Issue # 74/ October, 2000
From Elizabeth J. Bailey, Curator of the Emlen Physick Estate
The 1896 Olympics
Eighteen ninety-six saw the rebirth of an ancient tradition – the Olympics. Pierre de Coubertin, a young French nobleman, is credited with reviving the games. He felt that he could institute an educational program in France that approximated the ancient Greek notion of a balanced mind and body. Although the Greeks themselves had tried to reinstitute the Olympic games in the 1800s, they met little success. It was de Coubertin’s determination that led to the first modern Olympics.
To drum up support for his Olympic games, de Coubertin hosted an international sports congress in 1894. Delegates from Belgium, Britain, France, Greece, Italy, Russia, Spain, Sweden, and the United States attended. De Coubertin received unanimous and enthusiastic support from the nine countries in attendance. The group voted to hold the games in Greece, where it all began, in 1896. They further decided to hold the games every four years, moving it each time to a different city of Program cover the world.
Thirteen countries, bringing a total of 311 athletes, competed in the 1896 games. Nine sports were on the agenda: bicycling, fencing, gymnastics, lawn tennis, shooting, swimming, track and field, weight lifting, and wrestling. The games were a huge success and a second Olympiad was scheduled to be held in France in 1900. By 1908 the number of athletes competing in the games had quadrupled from 311 to 2,082. Today, we enjoy many more events at the Olympics. Among the competitions today we see competitions in archery, basketball, boxing, canoeing and kayaking, cycling, equestrian arts, fencing, field hockey, gymnastics, handball, judo, modern pentathlon, rowing, shooting, soccer, swimming and diving, synchronized swimming, track and field, volleyball, water polo, weight lifting, wrestling (both freestyle and Greco-Roman), and yachting. Thousands of athletes compete in our Olympic games today. In fact about 600 were sent from the United States. That’s twice as many as the total number that competed in the first modern Olympics.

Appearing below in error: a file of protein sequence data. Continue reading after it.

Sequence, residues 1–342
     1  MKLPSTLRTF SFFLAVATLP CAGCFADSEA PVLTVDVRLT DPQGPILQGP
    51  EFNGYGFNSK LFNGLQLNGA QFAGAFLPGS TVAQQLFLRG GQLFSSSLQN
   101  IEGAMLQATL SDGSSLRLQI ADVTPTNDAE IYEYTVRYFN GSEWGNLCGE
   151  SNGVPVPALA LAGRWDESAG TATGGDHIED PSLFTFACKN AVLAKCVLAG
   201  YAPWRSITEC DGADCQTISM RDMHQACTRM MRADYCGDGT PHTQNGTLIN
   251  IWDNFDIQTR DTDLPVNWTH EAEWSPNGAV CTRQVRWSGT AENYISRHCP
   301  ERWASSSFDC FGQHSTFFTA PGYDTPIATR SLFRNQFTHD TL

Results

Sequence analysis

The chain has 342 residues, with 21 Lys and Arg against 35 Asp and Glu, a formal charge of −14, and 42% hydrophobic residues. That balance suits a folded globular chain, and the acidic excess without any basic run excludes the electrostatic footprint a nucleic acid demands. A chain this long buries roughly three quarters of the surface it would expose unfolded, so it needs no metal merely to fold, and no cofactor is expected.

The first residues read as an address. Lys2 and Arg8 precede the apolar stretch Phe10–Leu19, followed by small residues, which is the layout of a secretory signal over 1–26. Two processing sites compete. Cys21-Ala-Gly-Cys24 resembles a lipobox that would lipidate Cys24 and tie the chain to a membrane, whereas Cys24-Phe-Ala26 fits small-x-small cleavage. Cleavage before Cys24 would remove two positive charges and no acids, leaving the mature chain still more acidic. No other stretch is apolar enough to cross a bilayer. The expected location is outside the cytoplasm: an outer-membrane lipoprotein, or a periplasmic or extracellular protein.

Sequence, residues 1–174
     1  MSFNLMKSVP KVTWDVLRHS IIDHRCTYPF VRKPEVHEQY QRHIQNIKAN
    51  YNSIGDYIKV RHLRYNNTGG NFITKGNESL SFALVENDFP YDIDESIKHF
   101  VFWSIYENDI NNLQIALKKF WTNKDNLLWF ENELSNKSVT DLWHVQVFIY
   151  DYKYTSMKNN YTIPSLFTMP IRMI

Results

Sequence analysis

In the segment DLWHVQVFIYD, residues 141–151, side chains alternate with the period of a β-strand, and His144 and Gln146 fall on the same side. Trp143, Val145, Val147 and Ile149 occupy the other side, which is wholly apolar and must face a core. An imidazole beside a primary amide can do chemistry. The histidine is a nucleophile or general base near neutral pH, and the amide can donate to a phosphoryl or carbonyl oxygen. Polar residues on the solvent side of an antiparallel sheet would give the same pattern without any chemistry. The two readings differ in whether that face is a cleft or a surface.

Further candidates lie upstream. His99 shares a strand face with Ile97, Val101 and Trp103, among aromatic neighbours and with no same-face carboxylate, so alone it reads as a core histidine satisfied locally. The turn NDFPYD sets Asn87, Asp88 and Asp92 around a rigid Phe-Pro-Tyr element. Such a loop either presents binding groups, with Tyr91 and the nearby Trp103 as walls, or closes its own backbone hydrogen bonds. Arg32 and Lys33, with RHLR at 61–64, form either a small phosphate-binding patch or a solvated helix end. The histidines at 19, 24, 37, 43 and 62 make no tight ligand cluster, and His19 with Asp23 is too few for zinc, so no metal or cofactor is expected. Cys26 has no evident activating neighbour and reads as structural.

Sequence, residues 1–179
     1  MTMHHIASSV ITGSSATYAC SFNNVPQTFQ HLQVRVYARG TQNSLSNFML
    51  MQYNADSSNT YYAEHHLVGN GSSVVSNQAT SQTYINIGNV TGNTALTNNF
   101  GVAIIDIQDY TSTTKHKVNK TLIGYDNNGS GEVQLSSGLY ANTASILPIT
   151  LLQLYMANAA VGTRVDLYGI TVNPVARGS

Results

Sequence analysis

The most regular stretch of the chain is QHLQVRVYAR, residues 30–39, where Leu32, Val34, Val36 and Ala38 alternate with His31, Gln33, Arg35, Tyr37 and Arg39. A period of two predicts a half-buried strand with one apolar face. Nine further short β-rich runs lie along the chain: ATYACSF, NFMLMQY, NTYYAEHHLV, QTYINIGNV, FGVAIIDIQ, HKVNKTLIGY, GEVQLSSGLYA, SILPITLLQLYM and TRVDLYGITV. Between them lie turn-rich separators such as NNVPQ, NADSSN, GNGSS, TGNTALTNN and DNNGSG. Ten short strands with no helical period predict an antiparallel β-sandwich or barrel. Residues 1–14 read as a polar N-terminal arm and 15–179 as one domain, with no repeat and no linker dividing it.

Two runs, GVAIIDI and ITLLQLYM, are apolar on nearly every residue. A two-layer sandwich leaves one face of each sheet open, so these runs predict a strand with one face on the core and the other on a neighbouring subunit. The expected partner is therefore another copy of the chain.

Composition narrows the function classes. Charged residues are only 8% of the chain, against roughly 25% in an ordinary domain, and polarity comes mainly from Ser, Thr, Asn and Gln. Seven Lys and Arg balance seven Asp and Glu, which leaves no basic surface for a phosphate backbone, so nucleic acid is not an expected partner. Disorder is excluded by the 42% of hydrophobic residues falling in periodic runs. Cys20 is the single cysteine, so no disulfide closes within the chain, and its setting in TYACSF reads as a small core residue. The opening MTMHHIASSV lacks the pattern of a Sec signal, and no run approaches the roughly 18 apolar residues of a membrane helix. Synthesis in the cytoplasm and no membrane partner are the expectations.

Schedule of Events at the 1896 Olympic Games
First Place winners at the 1896 Olympics Contest
Winners did not receive their prizes until the closing ceremonies. Unlike our modern system of rewarding the top three competitors of each event, in 1896 only the top two were so honored. Medals were silver for first place finishers and bronze for second place athletes. Each winning athlete was called, in turn, to come forward before the king of Greece to receive his reward. The King gave each winner a diploma, his medal, and an olive branch. The first place winners were also given various gifts and prizes that were donated by private individuals. The winner of the Marathon race, for example, received an ancient Greek vase. The first place winners of the shooting events all received new rifles.
After the athletes had received their prizes the games were declared closed by the King. However, there was still more to come. The King invited all the participating athletes to a banquet at the palace. Illuminated with torches the party raged long into the night and finally ended with a group photograph of all the athletes. The following day the athletes returned to their homelands.
The Awards Presentation Ceremony during the closing events.
An Olympics featuring winter sports wouldn’t be held until 1924. Named the Winter Olympics, the games were, until recently, held the same year as the Summer Olympics.